Glenn Greenwald is creating a new journalism operation from the ground up thanks to funding from Pierre Omidyar, founder of eBay. Word is that all profits from the operation will be reinvested in the new organization. According to Omidyar, Greenwald had been working with Laura Poitras and Jeremy Scahill to develop a new online media organization anyway; Omidyar’s funding will enable them to go much further.
I expect a lot of breathtaking scoops and advocacy journalism from the new organization; I also expect a lot of condescending “yes well they’re not real journalists” statements from the establishment press.
When Jeff Bezos bought the Washington Post, I publicly wished for him to run the Post as if it were a nonprofit, prioritizing good journalism over profits, kind of like the Texas Tribune. Bezos has said that he’ll make no changes at the Post, which is a shame because their columnists are the worst. But occasionally the Post does publish some groundbreaking watchdog journalism, so maybe Bezos will be encouraging more of the same.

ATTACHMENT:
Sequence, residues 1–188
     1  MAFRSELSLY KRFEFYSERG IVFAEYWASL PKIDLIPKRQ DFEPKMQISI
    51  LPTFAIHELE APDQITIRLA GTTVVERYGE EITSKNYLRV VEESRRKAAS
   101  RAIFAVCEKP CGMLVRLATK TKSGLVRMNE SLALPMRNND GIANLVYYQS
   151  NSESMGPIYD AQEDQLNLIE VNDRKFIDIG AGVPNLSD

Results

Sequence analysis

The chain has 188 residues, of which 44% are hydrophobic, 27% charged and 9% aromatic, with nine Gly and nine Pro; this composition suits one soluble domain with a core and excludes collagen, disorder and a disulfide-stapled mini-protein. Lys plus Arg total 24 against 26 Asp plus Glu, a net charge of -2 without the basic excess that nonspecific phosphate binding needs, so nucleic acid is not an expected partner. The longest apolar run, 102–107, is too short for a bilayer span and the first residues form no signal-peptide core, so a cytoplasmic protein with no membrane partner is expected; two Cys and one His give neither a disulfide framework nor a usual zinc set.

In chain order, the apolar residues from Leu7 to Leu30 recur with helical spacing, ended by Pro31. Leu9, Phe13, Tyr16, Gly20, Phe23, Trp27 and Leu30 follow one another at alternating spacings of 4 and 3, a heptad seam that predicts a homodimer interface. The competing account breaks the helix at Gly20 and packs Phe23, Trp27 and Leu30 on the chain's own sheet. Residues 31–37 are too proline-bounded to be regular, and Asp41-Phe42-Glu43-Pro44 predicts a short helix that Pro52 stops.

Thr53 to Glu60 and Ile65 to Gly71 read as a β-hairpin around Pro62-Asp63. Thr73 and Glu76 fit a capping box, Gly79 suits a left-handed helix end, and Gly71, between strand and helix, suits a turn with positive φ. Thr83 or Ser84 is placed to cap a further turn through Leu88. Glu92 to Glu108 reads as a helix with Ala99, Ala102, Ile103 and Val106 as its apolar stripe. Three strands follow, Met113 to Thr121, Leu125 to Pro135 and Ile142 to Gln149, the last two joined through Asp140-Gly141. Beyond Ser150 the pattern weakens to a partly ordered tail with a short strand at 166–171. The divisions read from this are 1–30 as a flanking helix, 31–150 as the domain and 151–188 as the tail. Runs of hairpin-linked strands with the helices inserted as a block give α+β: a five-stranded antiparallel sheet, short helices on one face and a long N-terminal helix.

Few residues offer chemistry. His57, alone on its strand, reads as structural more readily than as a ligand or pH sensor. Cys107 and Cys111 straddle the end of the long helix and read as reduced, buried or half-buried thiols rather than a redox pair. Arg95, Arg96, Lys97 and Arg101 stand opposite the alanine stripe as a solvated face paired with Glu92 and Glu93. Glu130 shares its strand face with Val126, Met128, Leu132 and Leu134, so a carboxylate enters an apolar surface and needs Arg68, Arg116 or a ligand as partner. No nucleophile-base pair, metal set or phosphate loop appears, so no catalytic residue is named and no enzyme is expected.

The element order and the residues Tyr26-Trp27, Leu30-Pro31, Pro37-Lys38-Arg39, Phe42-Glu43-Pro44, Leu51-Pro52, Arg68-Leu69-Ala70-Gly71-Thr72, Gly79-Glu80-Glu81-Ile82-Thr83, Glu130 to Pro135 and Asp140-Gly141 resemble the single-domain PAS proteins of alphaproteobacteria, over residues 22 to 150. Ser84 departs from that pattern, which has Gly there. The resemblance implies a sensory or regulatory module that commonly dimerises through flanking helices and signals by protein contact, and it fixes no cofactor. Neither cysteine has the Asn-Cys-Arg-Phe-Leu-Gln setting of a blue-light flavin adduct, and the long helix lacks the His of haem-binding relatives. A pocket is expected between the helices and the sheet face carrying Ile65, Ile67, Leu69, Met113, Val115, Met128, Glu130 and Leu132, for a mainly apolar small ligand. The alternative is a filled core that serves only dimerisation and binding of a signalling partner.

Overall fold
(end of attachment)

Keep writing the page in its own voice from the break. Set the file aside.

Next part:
Even though it’s neither widely duplicable or sustainable, the trend of independent-minded rich guys buying into journalism might be good when it comes to the type of journalism Greenwald specializes in. But don’t expect any cutting-edge investigative reports on, for example, capitalism and full employment. Bezos and Omidyar may be seriously concerned about the health of modern journalism and the First Amendment, but they are both businessmen with profits to protect. I expect we’ll see some Democracy Now! type reporting on human rights and freedom alongside some Wall Street Journal type reporting on corporations and unions. But who knows? Greenwald, of all people, may be able to convince Omidyar to keep his hands completely off the journalism side of the operation.